in Advertising

Samsung’s push for the Enterprise Market: trying hard to be cool

Samsung’s latest ad for the US market takes potshots at Blackberry & iPhone; this time with an aim to position Samsung S3 and Note as the ‘next big thing for business’. The enterprise market is obviously a lucrative one and has several check posts to get past: the IT guys, the CEO/CFO, the end users themselves each with a different ‘need’ or concern. There is a lot of ‘demonstration’ required before the enterprise market adopts a platform. The ‘demo’ should address the various needs (security, ease of set up, use, mass-scale adoption etc.) visibly before being considered – pretty much like desktop OS. So most addressing this enterprise market ‘demo’ what they can do. Which is exactly what Samsung has done in this ad – showcasing security, multi-tasking, big screen, input devices etc. But I didn’t find it enjoyable to watch and trying too hard to be cool…trying too hard to belong to the exclusive club, as it where.

Some see this combative strategy of Samsung (taking on the iPhone in TV ads and print) similar to Apple’s ‘Mac vs PC’ campaign and cry foul of Apple bias (as in ‘when Apple does it its fine, but when others do, its not’). I beg to differ. The broad objective of both the campaigns is the same: create dissonance among key competition users. But what makes the difference is the execution. In the ‘Mac vs PC’ ads, the Windows user was not made fun of directly. The features he got (or did not) in the PC were made fun of. Hence the joke was on the PC user indirectly, by reference. Second, the protagonists were ‘caricatures’ not real people. That makes a difference – it softens the blow and makes the ads endearing, likeable (especially the Christmas-edition Mac vs PC ads). Third, the execution was a lot more charming, classy and subtle in the Mac Vs. PC ads instead of being in-your-face aggressive. Fourth, there was focus in the Apple campaign – each ad was about one single feature which made Mac better. ‘No bloatware vs. Bloatware’ for example. And that feature was dramatised often with exaggerated humour, as a strength in a Mac or as a weakness in a PC. And most importantly, the subtlety allowed for some ‘fill in the blanks’ to happen in the consumers mind, the classic ‘Stimulus vs Response’ way. Apple did not directly spell out that ‘You are an idiot if you use a PC’ in so many words. It evoked a response in the consumer’s mind that ‘hey I may be losing out if I don’t check out a Mac’ or similar such through the creative stimulus. To that extent, it has an effect on the PC users. The Samsung anti-iPhone ads makes the current users of Samsung feel good about their choice and leaves a majority of iPhone users unaffected.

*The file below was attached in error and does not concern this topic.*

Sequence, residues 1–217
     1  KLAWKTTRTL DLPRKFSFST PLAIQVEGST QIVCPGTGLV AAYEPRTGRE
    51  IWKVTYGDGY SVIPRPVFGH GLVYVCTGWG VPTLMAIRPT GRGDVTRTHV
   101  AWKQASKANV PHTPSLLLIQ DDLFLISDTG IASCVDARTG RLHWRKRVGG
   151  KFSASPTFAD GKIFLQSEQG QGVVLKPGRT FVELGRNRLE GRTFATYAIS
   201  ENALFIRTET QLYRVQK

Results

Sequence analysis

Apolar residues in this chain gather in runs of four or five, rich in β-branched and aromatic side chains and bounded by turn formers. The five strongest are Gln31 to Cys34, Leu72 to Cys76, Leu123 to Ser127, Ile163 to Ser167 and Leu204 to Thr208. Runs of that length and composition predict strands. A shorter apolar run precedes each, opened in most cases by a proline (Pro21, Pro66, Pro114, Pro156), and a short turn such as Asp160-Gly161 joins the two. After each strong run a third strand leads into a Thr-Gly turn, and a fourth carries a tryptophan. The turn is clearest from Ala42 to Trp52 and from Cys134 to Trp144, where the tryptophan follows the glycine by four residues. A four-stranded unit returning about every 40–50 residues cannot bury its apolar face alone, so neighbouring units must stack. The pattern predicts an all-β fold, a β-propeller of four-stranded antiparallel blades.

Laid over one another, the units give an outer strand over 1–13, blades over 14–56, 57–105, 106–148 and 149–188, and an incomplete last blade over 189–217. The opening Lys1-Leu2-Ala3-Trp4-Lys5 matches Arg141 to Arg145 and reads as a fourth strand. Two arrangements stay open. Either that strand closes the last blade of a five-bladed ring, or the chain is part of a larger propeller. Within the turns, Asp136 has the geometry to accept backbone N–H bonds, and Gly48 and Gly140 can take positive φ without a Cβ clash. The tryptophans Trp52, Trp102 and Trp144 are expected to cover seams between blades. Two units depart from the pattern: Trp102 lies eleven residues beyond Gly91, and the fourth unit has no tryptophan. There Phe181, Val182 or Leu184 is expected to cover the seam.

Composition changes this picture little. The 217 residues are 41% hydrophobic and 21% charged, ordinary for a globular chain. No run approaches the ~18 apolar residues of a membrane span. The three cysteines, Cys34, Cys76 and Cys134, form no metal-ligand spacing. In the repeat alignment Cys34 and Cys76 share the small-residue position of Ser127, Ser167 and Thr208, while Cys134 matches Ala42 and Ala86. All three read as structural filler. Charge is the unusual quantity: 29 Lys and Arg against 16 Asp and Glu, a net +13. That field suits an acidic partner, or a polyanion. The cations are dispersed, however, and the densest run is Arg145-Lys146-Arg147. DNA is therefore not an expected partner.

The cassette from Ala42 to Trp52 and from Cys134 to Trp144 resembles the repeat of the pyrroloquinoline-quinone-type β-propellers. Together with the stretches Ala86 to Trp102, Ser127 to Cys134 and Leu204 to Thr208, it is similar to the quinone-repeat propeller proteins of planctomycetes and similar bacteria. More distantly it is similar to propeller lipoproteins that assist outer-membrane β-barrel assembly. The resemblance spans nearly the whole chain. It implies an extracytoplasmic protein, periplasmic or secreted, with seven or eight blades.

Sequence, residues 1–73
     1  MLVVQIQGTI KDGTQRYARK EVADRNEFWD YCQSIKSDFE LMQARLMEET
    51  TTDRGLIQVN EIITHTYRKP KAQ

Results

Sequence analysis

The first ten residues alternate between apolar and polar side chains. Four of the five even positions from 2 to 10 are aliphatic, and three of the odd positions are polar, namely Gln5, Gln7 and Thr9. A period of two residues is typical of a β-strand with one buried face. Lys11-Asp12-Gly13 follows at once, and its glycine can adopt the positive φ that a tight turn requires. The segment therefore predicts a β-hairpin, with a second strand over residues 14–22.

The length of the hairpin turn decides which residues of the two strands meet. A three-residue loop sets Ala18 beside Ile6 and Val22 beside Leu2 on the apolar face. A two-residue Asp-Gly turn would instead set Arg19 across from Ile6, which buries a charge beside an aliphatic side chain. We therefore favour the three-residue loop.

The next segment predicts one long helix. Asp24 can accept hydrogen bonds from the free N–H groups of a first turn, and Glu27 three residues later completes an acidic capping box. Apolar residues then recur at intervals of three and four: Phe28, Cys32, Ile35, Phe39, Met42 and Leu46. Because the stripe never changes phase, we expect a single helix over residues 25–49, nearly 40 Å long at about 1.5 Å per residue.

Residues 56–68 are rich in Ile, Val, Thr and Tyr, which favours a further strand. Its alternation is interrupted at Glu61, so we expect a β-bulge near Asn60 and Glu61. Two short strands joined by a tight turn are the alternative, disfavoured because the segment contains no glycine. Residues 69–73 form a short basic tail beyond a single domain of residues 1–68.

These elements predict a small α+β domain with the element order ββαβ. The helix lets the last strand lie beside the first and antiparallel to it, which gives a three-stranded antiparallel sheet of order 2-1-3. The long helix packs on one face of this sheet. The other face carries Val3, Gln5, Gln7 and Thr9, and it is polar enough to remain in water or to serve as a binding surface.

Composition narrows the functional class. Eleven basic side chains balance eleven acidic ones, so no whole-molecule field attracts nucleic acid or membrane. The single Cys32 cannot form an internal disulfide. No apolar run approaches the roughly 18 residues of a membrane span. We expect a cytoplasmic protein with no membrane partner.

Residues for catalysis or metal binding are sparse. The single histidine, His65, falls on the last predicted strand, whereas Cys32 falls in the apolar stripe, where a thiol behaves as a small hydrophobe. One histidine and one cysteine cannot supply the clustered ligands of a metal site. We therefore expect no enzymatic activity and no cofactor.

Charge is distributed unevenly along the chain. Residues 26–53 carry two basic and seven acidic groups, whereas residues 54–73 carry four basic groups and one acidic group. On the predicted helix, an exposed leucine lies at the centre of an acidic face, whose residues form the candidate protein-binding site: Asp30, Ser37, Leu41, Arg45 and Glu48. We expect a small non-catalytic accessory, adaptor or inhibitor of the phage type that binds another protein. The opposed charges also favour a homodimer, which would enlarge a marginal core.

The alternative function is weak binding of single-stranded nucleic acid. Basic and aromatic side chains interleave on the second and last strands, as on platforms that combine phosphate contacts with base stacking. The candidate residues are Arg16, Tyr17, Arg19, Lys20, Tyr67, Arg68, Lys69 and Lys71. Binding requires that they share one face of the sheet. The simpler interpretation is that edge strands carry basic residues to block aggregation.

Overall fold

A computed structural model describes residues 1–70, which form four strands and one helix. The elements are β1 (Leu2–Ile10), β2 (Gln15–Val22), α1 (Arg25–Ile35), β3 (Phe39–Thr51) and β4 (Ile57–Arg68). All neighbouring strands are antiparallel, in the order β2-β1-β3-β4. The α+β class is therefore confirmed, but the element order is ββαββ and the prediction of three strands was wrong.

Also, I find the Samsung ads, especially the enterprise one trying too hard – its a lot of unfunny dialogue motor mouthing away for 90-seconds. It is ‘saying’ a lot of things in a manner that puts down other people. And when the jokes get personal, it send the wrong subliminal message about the brand. Not to mention the obvious, over the top trappings of ‘hey look, I am cool’ and ‘please consider me seriously, I also belong to your club’. And I wonder if current loyal BB and iPhone users in offices really feel bad about their brand choice due any particular feature lacking or causing problems in their devices. Trying too hard to impress or belong to a club makes you a wannabe, not the real deal.

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